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I am analysing an arrangement of "Over the RainBow", arranged by Walter Rodriguez:

Looking at his musical score (not at what he is actually playing), the first chord he offers is just a straight C. Ok, he is in C major. Here is the mystery: the second chord in bar 2 is played for 2 beats. It is an Fm7(b5) which is made up of F Ab Cb Eb. My question is, how is it that when playing in C major, you have got notes which do not appear in the key of C major? Specifically,the Ab is a flat 6th in C major, the Cb is a lowered tonic, the Eb is a minor 3rd. And yet it sounds fine. What is going on? Can someone explain this to me? It makes my head explode. Thanks !

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    It's never been the case that any piece in a specific key should use, exclusively, notes diatonic to that key. Probably, 95% of pieces will use some, any or all of the remaining five notes from the chromatic scale. If there is a 'rule' - and there isn't - it could say 'only use any of the 12 cromatic notes avaiable'! – Tim Feb 3 at 10:20
  • The tune could modulate right off the bat. – ggcg Mar 5 at 12:10
  • It would appear the score has a typo, because the second chord is F#m7(♭5), not Fm7(♭5). An Fm7(♭5) as the second chord would clash in a big way with the C♮ in the melody at that point. The notes he plays in the video during the second chord are F# E A C. Although, @RosieF is spot on that a B13(♭5♭9) would introduce the F♮ and could sound great--it's just not what's happening in this arrangement. The D# and G# are introduced in the third chord (not the second). – jdjazz Mar 8 at 0:34
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I don't know whether you are counting bars so that "-where" falls on bar 2's 1 or on bar 1's 3. Your description is not quite right either way, but seems to be closer to the mark if "-where" falls on bar 2's 1. Very well then, I make it that the first four bars are: Bars 1-4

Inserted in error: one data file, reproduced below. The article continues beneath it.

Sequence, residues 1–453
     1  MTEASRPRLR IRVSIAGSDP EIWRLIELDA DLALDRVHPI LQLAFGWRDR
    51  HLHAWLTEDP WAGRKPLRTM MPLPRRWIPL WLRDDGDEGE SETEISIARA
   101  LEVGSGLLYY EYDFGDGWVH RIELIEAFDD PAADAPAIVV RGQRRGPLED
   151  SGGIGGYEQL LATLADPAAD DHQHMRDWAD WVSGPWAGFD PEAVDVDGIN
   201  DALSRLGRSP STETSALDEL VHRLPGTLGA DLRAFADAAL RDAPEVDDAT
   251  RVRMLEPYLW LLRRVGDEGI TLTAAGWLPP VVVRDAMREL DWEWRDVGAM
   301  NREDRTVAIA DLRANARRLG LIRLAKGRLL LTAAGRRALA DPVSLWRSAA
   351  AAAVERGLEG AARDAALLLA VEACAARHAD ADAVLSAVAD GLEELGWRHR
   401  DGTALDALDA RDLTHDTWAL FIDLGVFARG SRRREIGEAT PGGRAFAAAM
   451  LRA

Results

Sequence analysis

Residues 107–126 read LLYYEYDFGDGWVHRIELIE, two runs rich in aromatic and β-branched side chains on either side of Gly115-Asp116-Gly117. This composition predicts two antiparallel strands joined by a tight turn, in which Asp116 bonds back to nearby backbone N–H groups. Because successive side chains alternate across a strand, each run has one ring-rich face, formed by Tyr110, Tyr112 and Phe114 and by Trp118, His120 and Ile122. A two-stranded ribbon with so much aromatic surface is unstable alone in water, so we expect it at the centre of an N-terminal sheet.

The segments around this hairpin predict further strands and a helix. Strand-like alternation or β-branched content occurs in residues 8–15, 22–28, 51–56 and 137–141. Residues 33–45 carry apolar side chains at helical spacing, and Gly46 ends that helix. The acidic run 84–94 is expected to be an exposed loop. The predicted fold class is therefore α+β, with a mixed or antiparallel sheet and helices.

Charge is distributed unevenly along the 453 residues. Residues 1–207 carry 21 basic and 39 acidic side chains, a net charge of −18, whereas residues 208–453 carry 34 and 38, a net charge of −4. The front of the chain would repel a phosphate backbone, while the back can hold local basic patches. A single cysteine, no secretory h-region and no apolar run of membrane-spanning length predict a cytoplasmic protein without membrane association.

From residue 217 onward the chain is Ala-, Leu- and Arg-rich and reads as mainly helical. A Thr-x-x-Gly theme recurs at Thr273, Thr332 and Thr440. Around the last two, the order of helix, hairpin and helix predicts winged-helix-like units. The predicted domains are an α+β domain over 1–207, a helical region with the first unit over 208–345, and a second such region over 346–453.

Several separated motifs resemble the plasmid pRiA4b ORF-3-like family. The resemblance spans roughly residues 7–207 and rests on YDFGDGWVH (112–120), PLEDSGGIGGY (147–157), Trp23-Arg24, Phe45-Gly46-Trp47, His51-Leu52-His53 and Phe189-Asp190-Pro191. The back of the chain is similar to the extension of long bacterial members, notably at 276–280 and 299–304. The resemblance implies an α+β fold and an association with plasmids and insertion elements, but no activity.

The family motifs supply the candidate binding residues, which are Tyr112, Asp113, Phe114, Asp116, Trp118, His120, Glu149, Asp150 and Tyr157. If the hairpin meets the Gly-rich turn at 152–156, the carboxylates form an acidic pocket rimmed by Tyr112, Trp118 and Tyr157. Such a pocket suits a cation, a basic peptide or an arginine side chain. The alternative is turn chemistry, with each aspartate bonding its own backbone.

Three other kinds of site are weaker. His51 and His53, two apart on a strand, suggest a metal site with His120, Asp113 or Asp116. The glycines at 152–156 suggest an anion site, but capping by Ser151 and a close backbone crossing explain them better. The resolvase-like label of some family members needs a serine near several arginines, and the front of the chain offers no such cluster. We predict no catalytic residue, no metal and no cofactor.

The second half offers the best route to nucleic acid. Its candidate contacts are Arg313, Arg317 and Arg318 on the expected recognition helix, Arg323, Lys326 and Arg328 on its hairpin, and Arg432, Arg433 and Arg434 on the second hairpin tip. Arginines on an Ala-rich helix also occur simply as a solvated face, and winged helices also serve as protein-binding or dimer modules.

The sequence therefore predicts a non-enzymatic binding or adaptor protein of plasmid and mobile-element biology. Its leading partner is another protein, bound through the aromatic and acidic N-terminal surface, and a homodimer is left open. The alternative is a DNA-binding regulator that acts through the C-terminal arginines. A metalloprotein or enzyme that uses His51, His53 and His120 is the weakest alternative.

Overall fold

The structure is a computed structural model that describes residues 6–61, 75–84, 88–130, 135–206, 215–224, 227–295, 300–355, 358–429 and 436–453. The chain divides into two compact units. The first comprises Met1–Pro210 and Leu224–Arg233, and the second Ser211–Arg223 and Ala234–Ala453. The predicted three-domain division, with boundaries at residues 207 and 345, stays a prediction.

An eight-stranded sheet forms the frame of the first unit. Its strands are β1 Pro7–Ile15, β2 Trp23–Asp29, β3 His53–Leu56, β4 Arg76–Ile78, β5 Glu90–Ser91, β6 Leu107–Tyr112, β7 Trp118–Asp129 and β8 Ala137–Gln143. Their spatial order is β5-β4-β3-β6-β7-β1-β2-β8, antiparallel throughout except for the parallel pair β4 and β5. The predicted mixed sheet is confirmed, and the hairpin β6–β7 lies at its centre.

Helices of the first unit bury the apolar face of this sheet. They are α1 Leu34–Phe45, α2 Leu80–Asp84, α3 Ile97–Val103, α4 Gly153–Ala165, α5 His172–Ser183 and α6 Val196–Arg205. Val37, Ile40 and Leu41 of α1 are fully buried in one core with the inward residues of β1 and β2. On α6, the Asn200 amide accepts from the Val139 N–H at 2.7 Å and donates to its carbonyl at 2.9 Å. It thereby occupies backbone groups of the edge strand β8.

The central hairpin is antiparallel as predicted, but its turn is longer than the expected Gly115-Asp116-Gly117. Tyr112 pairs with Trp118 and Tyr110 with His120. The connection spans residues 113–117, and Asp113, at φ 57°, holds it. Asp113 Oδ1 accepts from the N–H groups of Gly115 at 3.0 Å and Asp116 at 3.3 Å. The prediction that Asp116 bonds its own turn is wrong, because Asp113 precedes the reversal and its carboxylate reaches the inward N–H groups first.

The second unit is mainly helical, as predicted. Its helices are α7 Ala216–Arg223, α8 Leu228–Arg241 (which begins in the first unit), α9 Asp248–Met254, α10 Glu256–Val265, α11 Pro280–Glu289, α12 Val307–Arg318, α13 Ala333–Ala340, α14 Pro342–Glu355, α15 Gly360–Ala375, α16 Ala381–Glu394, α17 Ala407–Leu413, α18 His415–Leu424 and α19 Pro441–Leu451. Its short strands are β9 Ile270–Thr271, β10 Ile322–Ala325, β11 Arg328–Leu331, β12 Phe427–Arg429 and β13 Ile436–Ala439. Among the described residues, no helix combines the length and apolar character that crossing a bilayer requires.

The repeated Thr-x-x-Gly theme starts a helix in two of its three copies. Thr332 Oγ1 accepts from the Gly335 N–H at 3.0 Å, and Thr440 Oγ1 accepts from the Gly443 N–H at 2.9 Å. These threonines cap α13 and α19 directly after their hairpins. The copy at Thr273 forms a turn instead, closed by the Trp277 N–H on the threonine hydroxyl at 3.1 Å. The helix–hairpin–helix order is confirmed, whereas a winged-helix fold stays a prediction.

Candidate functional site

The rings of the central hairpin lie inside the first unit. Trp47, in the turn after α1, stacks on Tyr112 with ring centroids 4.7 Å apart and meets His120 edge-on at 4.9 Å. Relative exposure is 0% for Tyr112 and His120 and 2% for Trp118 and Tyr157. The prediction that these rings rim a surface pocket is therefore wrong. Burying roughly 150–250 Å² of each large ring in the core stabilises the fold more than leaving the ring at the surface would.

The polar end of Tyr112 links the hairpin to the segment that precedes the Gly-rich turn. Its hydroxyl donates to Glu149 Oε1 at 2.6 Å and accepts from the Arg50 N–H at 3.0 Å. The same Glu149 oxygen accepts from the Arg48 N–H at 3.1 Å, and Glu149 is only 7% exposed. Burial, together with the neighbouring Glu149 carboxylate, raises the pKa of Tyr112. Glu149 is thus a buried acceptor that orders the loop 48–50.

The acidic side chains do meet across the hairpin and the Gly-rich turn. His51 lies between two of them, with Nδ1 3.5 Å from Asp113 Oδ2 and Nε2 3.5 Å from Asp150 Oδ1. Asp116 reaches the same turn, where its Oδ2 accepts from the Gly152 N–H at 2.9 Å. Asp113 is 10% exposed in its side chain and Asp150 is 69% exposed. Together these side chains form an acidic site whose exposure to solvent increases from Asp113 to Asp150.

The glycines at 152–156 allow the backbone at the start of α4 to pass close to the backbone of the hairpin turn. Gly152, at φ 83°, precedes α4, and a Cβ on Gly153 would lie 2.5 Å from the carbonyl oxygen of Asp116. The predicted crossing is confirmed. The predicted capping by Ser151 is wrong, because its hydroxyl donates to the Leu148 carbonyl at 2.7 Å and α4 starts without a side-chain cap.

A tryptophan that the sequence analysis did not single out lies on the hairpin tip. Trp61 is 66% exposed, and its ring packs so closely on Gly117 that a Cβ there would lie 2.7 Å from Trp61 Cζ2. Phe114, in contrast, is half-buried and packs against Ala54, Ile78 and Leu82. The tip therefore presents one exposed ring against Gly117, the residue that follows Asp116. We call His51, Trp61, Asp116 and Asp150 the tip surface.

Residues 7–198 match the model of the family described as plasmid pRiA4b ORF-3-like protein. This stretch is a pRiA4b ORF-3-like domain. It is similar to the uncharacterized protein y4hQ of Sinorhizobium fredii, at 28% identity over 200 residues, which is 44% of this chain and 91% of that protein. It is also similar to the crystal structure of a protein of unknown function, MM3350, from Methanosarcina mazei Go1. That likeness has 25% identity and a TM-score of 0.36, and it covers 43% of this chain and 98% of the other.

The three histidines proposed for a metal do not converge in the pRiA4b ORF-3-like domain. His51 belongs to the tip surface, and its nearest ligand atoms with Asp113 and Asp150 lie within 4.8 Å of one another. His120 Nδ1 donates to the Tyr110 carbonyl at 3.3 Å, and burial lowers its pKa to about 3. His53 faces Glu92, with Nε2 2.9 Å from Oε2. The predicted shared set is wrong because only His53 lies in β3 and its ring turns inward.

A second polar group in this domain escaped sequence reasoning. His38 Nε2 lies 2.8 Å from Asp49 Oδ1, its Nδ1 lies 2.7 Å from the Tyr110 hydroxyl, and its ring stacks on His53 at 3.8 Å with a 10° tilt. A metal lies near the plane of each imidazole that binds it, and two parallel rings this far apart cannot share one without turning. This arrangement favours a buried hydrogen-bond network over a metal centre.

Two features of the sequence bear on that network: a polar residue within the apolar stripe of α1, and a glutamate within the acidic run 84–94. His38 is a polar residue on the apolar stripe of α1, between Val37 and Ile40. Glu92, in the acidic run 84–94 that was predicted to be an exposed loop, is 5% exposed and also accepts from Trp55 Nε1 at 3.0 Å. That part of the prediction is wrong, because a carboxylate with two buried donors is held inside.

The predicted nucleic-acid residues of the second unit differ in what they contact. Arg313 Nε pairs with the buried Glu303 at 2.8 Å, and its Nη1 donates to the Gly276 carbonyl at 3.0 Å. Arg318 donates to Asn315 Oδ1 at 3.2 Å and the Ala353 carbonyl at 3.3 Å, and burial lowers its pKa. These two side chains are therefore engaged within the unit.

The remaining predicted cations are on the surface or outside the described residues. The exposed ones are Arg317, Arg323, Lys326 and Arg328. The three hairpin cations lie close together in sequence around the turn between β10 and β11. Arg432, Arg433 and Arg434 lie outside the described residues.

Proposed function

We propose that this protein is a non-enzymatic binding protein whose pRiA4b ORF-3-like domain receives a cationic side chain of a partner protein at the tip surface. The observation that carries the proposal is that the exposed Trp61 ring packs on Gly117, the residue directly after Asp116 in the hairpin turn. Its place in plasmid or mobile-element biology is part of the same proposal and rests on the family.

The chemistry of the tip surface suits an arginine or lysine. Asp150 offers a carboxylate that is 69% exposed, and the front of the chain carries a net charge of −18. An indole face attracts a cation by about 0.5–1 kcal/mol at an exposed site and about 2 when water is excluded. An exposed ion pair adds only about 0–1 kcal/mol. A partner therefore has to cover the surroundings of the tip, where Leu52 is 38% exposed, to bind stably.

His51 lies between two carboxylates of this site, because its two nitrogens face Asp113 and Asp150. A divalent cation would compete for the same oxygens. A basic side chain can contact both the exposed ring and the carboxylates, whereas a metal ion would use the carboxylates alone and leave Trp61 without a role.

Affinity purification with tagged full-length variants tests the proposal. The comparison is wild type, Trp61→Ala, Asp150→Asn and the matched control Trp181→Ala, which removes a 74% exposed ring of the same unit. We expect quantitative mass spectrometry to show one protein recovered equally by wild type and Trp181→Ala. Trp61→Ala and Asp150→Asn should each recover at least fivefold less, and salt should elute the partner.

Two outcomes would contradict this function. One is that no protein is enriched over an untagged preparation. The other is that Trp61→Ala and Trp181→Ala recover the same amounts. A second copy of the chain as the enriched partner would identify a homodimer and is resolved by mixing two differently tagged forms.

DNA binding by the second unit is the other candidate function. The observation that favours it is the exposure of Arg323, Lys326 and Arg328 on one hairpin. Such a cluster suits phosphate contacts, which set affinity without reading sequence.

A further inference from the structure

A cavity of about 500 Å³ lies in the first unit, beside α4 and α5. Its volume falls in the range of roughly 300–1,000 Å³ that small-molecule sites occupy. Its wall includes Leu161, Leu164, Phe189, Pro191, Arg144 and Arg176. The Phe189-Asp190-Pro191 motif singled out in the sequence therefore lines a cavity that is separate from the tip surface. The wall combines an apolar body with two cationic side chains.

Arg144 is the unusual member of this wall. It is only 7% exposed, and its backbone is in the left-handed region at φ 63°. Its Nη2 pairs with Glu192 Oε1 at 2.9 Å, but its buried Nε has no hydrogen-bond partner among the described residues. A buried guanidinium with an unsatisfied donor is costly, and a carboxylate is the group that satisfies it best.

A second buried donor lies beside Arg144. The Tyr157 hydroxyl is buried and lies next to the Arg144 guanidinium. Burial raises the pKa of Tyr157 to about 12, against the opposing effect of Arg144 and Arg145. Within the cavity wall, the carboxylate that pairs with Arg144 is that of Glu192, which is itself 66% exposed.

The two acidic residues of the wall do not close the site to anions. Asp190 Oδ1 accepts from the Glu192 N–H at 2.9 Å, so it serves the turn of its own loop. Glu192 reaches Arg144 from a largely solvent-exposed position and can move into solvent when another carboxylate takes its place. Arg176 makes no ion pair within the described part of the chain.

So the chord in b.3 is Em9, so b.2's second chord (beats 3-4) is B13m9. So the so-called E♭ and A♭ are actually D# and G#. That earlier chord fits because it is the dominant (with added notes) to the Em which comes after it. It's a bit odd that it has G# rather than G, but, modal interchange -- the G# leads us to expect E major and we get E minor instead; this is not so unusual.

Alternatively, we could say that the G# is a chromatic passing note between the A on beat 2 and the G in bar 3. As a non-harmony note it would be spelt A♭ as it resolves to G, but that would put A and Ab in the same chord, which is even odder. I'm not saying that's my favoured analysis but I can see that a case could be made for it.

You mention F as well as B. The chord is then B13♭5m9. That works in the context too; it works harmonically, and it works melodically because the F is then a chromatic passing note between the F# on beat 1 and the E in bar 3.

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  • +1, spot on analysis. Just FYI, the question has a typo (or maybe the score does). The second chord in the video is F#m7(♭5) just as you've notated here, not Fm7♭5 as the original Q shows. The B13(♭5♭9) would sound great, though it's not in the arrangement itself. – jdjazz Mar 8 at 0:30
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You will always find tones that are "out of key" in almost all songs (only baby songs and very basic folk melodies are strict in the same key. There are several reasons:

  1. The tune is modulating (e.g. to the relative key at the bridge)
  2. Not a modulation but a short extension to the dominant (e.g. semi clause)
  3. Borrowed chords: e.g. the plagal cadence I-IV can also be played as I-iv: C-F-C => C-Fm-C (here you use the parallel chord Fm of F, but there are many possibilities to use borrowed chords: all secondary dominants can be considered as borrowed chords and also many dim VII°.

In your example the B 13b5m9 is the secondary dominant of Em. Your analysis Fm7(b5) is not completely wrong, as this chord would be the tritone substitution of the secondary dominant of Em approaching chromatically to Em.

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